Jerwood Gallery celebrates its first anniversary
THE much-anticipated Jerwood Gallery opened its doors to the public in March last year, with a crowd of eager visitors queuing to get a first glimpse of the inside of the newly constructed building.
A year later word has spread far and wide, with around 65,000 visitors passing through the doors so far, and popularity evidenced by the opening night of the latest exhibition Knock Knock: Seven Artists in Hastings, last month, which saw the gallery packed to capacity.
Almost exactly a year ago Liz Gilmore, Jerwood Gallery director, and I were standing on the balcony of the gallery, looking out over the fishing beach, and wondering about the future.
This part of The Stade had already changed beyond recognition with the construction of the £4 million gallery designed by firm of architects HAT Projects, but there were still many uncertainties ahead.
“I often think about that moment,” she said. “There were some ambitions of what Jerwood Gallery was to be: a permanent home for the collection, to keep the collection fresh and interesting, to be the cultural hub for Hastings.
“It’s been challenging, it’s been stretching, but it’s been joyful.”
Liz said that she was delighted with the first year’s visitor numbers, which compare favourably with similar galleries such as Pallant House, in Chichester.
Interestingly, of the seven artists who feature in Knock Knock, only one had exhibited in Hastings before yet all either have a home or studio in the town. Some are internationally known and yet have never been connected to Hastings.
I asked Liz about this and she replied that the answer given was that before now there was not a suitable space for them to show their work. Another argument in favour of the Jerwood Gallery.
Worthy of mention is the varied demographic of the visitors, with a third local residents, another third concession tickets, largely senior citizens (local or otherwise), and a third from further afield.
The membership scheme, launched in August, has exceeded all expectations, and there are now around 700 members, many of whom, Liz said, have become familiar faces.
One of the major challenges for the gallery has been and continues to be, catering for a number of different audiences and appetites. Liz described it as a ‘juggling act’.
For example, the permanent collection is perhaps more popular with the older visitors, while the contemporary programme can be more of a challenge, and appeal to different crowds.
“We need to make sure we have sustained momentum,” she said.
With this in mind, the plan going forward is to have a quarterly programme of temporary exhibitions. Coming up next is an exhibition of work by painter William Scott, some of which has not been seen for 40 years, and which Liz said that she expects people to be surprised by.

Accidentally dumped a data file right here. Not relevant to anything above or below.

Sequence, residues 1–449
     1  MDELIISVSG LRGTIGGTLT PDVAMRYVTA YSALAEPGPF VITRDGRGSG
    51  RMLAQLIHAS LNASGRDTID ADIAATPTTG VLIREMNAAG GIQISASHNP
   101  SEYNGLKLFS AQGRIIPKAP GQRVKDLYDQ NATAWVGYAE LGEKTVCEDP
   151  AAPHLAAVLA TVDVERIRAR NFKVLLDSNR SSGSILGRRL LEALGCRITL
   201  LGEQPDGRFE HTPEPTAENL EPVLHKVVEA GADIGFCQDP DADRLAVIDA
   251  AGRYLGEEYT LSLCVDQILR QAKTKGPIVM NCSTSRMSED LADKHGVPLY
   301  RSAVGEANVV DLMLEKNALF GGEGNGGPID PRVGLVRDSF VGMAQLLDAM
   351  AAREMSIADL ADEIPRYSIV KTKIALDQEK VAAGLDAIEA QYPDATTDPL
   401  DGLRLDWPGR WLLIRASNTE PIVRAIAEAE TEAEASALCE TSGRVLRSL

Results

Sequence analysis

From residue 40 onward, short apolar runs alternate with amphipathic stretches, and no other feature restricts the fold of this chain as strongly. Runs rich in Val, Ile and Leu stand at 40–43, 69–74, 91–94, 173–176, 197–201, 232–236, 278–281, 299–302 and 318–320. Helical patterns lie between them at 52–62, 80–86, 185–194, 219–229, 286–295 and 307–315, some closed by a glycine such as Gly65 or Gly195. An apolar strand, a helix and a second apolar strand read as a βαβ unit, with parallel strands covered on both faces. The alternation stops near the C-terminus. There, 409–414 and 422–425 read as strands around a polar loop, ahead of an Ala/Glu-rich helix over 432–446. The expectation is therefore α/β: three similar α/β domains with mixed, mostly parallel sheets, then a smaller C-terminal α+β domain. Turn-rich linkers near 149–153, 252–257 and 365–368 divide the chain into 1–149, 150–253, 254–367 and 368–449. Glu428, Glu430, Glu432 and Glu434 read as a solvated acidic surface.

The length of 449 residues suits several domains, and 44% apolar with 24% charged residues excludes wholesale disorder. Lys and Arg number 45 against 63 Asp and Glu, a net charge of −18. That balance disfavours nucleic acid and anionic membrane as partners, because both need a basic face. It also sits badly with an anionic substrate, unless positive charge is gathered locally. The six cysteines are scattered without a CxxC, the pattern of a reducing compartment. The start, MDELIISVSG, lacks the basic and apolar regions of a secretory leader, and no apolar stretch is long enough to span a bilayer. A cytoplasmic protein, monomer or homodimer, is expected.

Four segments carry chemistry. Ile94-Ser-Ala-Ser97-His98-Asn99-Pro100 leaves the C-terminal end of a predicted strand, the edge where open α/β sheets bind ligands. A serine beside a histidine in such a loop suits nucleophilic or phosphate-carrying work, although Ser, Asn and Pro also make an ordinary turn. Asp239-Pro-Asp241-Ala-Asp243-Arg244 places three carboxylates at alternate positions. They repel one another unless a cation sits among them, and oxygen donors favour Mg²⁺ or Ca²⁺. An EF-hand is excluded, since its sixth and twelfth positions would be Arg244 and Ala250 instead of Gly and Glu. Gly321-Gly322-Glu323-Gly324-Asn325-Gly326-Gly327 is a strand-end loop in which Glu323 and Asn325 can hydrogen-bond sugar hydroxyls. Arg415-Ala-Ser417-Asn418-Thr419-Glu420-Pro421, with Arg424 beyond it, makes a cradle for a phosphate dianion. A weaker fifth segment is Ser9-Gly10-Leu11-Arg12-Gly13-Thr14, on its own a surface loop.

Also in the pipeline is a collaboration with Tate Britain and St Ives (planned for later this year), and a show for families.
She paid tribute to the enthusiasm and commitment of the seven core team members and around 15 gallery assistants, and said: “The gallery assistants are the most talked about assets, they are people who have grown up here.”
As well as a largely positive response locally, there has been a considerable amount of favourable national press coverage.
Andrew Lambirth, of The Spectator, wrote: “I’m glad Hastings has this new gallery — in the old town, fittingly; it has long been an artistic quarter...the Jerwood will join the other new cultural palaces on the south east coast at Margate, Folkestone and Bexhill.”
Other accolades include the Public and Community Award, given by the Sussex Heritage Trust in October last year, and the recent announcement that Jerwood Gallery is one of the winners in the 2013 Civic Trust Awards, both in recognition of the design of the gallery and its place in the community.
Councillor Jeremy Birch, leader of Hastings Borough Council, said: “We continue to receive, tremendous feedback on the gallery, and know that it has attracted more people to Hastings.
“It is a great addition to our attractions, doing what we hoped it would, attracting extra visitors all year round, as well as creating vitally important local jobs. It is especially appropriate that the Jerwood Gallery is marking its first birthday just days after our bid to become a ‘City of Culture’ has been announced, as it has really helped to change our cultural status.” See page 63 for details of this weekend’s events at the gallery or visit www.jerwoodgallery.org.
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Wednesday 22 May 2013
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